Cologne, West Germany
The teacher holds his chalk over the map and pauses. Children's hands swoop into the air. "Sebnem!" He points to a pretty, dark-haired 12-year-old-girl. "The chalk is over the map," the girl answers in flawless German.
He approves the answer and continues to float the chalk on its meandering path around the room, with the children shouting out its changing position. Black-haired, bright-eyed, and eager, the children work hard at this, their most important -- and most difficult -- class. For them, the intensive German course is the canal through which they can enter this West German society -- and job market.
These children are Turks, but they could just as easily be Greeks, Yugoslavs, Italians, Spaniards, or Portuguese. They are children of the millions of "guest workers" drawn to West Germany from areas of high unemployment in the surrounding countries. More than 500,000 foreign children are enrolled in the German school system; many others are on their way.
The enthusiasm of these German classes is electric, "unnerving," according to Claus Weist, a lean, tall, warm teacher who spent seven years in Turkey before returning to instruct foreign children in this Cologne school.
"Turkish teachers are at once more brutal and more tender with their children than the Germans," he explains, "and the children respond in kind. They need constant praise, and a strong sense of discipline."
Other teachers, acting without the benefit of this perception, have had whole classes disintegrate into anarchy at the hands of these students. "We have sweet, friendly women teaching," explains Hannelore Collenbusch, an inspector in the Cologne schools, "and the Turkish children are used to tough, authoritarian males. It confuses the kids, and they act accordingly."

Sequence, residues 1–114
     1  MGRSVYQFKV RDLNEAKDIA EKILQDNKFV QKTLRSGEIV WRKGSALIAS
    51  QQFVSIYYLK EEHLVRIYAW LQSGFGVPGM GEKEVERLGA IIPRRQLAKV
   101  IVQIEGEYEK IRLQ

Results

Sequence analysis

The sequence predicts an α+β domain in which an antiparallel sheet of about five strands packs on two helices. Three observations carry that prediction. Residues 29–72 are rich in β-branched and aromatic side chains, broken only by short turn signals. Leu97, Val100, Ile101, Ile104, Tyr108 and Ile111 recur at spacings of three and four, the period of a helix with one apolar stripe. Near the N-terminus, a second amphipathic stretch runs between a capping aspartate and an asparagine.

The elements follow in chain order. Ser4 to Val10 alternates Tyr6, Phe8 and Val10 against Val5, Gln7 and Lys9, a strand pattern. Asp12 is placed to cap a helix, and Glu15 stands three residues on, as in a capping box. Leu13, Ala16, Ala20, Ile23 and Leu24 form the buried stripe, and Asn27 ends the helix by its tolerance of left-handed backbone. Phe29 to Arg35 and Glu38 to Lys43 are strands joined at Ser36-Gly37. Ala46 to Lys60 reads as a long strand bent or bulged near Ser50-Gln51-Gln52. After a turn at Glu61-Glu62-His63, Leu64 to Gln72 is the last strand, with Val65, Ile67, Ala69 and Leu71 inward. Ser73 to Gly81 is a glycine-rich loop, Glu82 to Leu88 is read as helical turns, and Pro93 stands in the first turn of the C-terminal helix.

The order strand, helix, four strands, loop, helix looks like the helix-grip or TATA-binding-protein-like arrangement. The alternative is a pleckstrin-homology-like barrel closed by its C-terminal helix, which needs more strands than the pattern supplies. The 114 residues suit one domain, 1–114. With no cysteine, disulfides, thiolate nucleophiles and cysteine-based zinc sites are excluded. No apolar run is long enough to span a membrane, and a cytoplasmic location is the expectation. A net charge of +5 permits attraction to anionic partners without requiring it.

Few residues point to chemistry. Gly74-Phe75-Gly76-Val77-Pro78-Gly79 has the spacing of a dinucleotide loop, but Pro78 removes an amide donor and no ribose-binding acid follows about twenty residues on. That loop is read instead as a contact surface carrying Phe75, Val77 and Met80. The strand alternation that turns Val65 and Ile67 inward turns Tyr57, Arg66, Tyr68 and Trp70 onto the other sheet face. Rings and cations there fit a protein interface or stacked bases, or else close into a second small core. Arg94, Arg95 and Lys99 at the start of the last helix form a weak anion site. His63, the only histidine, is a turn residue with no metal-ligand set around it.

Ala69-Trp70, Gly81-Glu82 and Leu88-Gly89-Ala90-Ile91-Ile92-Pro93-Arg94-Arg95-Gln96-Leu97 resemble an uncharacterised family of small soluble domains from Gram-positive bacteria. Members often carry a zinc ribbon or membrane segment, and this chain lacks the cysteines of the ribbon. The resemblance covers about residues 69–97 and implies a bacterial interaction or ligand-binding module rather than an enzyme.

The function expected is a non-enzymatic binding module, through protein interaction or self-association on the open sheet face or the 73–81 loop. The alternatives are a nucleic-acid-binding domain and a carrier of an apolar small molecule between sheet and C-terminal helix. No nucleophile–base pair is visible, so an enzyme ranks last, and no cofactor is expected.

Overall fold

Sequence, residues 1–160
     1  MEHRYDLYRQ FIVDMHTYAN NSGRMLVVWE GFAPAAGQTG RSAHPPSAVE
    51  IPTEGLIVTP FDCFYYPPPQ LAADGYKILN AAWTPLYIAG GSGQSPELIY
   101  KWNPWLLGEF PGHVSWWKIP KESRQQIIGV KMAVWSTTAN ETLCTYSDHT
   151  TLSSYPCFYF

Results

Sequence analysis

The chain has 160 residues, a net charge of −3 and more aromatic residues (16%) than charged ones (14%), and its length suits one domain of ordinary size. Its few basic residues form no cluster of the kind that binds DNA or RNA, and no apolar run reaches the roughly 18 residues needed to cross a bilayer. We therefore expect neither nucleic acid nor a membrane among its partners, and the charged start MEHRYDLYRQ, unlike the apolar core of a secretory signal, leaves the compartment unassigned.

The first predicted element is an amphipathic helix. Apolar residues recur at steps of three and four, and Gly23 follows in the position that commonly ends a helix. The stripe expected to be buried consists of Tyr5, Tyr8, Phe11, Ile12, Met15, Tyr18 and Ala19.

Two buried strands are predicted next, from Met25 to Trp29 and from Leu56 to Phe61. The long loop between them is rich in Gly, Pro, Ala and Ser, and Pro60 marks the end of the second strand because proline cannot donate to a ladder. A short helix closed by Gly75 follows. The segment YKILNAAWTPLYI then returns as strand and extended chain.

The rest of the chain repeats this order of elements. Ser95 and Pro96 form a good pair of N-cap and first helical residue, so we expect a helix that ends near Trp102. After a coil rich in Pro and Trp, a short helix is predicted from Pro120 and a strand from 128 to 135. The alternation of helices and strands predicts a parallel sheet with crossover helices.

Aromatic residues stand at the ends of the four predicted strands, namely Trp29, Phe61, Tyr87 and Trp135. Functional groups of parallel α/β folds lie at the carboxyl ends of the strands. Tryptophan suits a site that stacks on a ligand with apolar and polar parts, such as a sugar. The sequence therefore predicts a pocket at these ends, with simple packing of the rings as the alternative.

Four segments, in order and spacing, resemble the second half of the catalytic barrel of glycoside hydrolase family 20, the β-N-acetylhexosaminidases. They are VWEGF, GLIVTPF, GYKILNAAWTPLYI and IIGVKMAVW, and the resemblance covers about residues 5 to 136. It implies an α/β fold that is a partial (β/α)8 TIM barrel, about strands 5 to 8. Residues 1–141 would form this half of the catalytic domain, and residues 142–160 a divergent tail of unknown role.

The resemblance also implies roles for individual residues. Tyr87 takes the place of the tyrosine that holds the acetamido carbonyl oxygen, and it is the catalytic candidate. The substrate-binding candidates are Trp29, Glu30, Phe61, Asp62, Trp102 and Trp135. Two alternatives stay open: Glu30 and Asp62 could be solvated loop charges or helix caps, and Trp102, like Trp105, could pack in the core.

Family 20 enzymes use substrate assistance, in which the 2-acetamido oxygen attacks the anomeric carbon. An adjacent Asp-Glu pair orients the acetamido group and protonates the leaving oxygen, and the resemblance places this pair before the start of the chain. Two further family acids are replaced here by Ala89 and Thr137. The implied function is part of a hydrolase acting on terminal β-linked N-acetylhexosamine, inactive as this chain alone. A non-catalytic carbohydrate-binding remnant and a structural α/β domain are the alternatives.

She continues, "We have gotten some 1,200 new foreign students in 1979 alone. Some of our schools are 50, even 60, percent foreign. It has become a question not of 'What do you do with these kids?' but 'Whom do you integrate -- the foreigners or the Germans?'"
Their integration efforts have taken an American turn. Last fall they started busing foreign students to the suburbs of Cologne, as a first step to achieve a balance of not more than 30 percent foreign students in any one school.
"The foreign parents are quite upset about the busing," Mrs. Collenbusch reports, "and show their anger in many ways -- by pulling their children out of the school or sending their daughters to school wearing kerchiefs. Kerchiefs are forbidden in Turkey, but here they are worn to show support for the Muslim ideology and disgust with German integration."
Integration is the pivotal question throughout West Germany. Recent studies have shown that the "guest workers," originally conceived of as a fluctuating, temporary labor force that would fill in the gaps in the German work market, are tending to stay now for an average of eight long years. Their children -- and this is the important, practical consideration -- tend to stay for life.
Harald Kastner, a director in Bonn at the Ministry of Culture in charge of policy for the education of these children, discussed the guest workers' history in an interview. "In the early 1970s we held a European council at Strasbourg to outline policy for these children," Mr. Kastner begins in English, reaching for each precise word.
"At that meeting we agreed to the so-called 'Double Task.' We concurred that, on the one hand, these children should attend German schools and be integrated into the German curriculum, and on the other hand, the children had a right to maintain their own cultural identity through the medium of their mother tongue.
"These two policies," he said, stretching and twisting his fingers across the conference table, "are like spaghetti, so far apart are they."
Mr. Kastner finds serious problems with the policy of maintaining cultural identity. "The German representative to the Strasbourg council was a Bavarian, and the Bavarians have been the only state that allows the countries of these guest workers to send teachers and curriculum to our schools."